Phryne

Definition from Wiktionary, the free dictionary
Jump to: navigation, search

Translingual[edit]

Camera icon.svg This entry needs a photograph or drawing for illustration. Please try to find a suitable image on Wikimedia Commons or upload one there yourself!
Wikipedia has an article on:

Wikipedia

Wikipedia has an article on:

Wikipedia

Wikispecies has information on:

Wikispecies

Wikispecies has information on:

Wikispecies

Etymology[edit]

EB1911 - Volume 01 - Page 001 - 1.svg This entry lacks etymological information. If you are familiar with the origin of this term, please add it to the page as described here.

Proper noun[edit]

Phryne f

  1. (obsolete) A taxonomic genus within the family Brassicaceae.
  2. (obsolete) Bufo, certain frogs.



English[edit]

Phryne before the Areopagus, by Jean-Léon Gérôme, 1861
Phryne, by Gustave Boulanger, 1850

Etymology[edit]

From Ancient Greek Φρύνη (Phrúnē), from φρύνη (phrúnē, toad), a nickname often given to prostitutes of the time.

Proper noun[edit]

Phryne

  1. (historical) An Ancient Greek courtesan of the 4th century BC, reputedly the model for Praxiteles' Aphrodite of Cnidus and famously tried for the capital charge of impiety, during which trial she allegedly bared her breasts before the judges.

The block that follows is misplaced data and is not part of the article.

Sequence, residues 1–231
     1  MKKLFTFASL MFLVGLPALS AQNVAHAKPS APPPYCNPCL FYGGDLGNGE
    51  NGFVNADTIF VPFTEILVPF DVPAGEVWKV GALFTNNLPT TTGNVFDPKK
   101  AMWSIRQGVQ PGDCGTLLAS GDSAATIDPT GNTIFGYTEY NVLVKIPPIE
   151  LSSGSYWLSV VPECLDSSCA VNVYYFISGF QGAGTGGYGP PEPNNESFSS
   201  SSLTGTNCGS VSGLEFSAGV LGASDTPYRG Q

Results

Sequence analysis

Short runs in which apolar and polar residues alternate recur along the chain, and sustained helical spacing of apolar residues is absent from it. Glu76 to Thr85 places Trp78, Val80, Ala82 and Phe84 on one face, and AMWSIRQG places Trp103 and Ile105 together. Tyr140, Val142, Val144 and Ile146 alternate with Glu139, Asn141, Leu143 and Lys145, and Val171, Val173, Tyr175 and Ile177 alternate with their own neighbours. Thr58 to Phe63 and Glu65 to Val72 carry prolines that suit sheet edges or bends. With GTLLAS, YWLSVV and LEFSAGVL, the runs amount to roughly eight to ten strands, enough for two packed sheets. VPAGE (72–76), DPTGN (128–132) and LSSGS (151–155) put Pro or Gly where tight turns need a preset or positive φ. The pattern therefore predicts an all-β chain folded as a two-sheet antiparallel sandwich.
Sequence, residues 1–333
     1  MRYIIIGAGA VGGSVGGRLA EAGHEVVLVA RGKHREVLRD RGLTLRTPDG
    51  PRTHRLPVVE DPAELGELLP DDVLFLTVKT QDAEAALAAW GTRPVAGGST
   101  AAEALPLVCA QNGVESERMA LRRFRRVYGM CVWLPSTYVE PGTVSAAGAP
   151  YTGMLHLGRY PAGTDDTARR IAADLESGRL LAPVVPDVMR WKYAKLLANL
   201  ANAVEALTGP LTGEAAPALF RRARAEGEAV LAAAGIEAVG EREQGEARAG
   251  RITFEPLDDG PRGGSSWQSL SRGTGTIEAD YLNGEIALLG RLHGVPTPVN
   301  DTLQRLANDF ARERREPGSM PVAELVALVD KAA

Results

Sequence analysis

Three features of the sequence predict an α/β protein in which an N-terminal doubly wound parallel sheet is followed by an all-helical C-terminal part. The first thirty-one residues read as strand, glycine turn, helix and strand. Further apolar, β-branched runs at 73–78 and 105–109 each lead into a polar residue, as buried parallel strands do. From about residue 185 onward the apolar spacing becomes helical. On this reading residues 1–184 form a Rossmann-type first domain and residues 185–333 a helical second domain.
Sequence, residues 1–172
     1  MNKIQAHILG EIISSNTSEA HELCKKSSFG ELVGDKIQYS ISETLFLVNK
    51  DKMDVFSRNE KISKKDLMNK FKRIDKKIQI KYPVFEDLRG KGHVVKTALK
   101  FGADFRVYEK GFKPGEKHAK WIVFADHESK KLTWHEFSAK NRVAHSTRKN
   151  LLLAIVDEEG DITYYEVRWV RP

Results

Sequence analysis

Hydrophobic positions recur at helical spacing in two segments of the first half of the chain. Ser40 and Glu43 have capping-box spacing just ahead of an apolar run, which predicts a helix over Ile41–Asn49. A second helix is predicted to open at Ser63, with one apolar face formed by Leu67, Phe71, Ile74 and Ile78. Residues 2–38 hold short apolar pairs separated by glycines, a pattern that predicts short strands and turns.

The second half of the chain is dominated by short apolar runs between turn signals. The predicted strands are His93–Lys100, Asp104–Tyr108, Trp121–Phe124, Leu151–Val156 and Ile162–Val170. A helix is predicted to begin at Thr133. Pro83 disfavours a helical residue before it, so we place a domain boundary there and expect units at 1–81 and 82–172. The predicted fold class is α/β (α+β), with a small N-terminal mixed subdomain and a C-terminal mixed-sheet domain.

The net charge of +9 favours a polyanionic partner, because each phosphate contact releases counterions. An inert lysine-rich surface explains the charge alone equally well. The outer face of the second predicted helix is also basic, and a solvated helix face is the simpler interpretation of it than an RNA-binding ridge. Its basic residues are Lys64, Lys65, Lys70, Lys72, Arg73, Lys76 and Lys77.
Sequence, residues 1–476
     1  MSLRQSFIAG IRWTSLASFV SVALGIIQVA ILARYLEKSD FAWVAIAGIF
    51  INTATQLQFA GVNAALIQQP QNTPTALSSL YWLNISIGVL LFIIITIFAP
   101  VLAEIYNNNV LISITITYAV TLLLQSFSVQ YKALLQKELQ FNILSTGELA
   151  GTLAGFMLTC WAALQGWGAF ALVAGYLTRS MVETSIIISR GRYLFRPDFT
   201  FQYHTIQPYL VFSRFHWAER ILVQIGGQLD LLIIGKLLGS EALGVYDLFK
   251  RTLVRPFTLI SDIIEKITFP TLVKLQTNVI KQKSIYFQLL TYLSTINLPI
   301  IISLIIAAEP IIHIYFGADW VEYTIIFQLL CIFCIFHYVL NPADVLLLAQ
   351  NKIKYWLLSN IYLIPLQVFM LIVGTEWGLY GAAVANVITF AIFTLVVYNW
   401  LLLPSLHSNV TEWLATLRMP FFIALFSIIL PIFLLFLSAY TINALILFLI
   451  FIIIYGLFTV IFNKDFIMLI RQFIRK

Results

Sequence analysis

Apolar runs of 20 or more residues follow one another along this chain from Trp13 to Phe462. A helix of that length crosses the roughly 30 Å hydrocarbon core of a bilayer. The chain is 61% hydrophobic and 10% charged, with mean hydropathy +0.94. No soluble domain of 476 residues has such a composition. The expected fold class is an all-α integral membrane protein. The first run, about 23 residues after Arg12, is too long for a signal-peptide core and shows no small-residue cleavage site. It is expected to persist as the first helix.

• 1797, "Anthony Pasquin" (John Williams), The Pin-Basket to the Children of Thespis: With Notes Historical, Critical and Biographical, page 91,
      The suffrages were recently divided between Mademoiselle Lange and Madame Tallien — the Helen and Phryne of the nation.
    • 1835, Selections from the Edinburgh Review, page 354,
      But in the first of these instances, an impediment may be supposed to be insurmountable, which Dryden has only surmounted by the substitution of matchless beauties of his own! He wins his cause, like Phryne pleading before the Areopagus.
    • 2010, Laura Salah Nasrallah, Christian Responses to Roman Art and Architecture: The Second-Century Church Amid the Spaces of Empire, page 261,
      The Roman-period stories that circulated about Phryne have to do with her beauty, her nudity, and her forwardness. [] Alciphron also crafts a letter that Phryne writes to Praxiteles; in it, Phryne toys with the theological implications of Praxiteles' use of her as a model for Aphrodite, and her statuary appearance at a sanctuary to Eros at Thespiai.

See also[edit]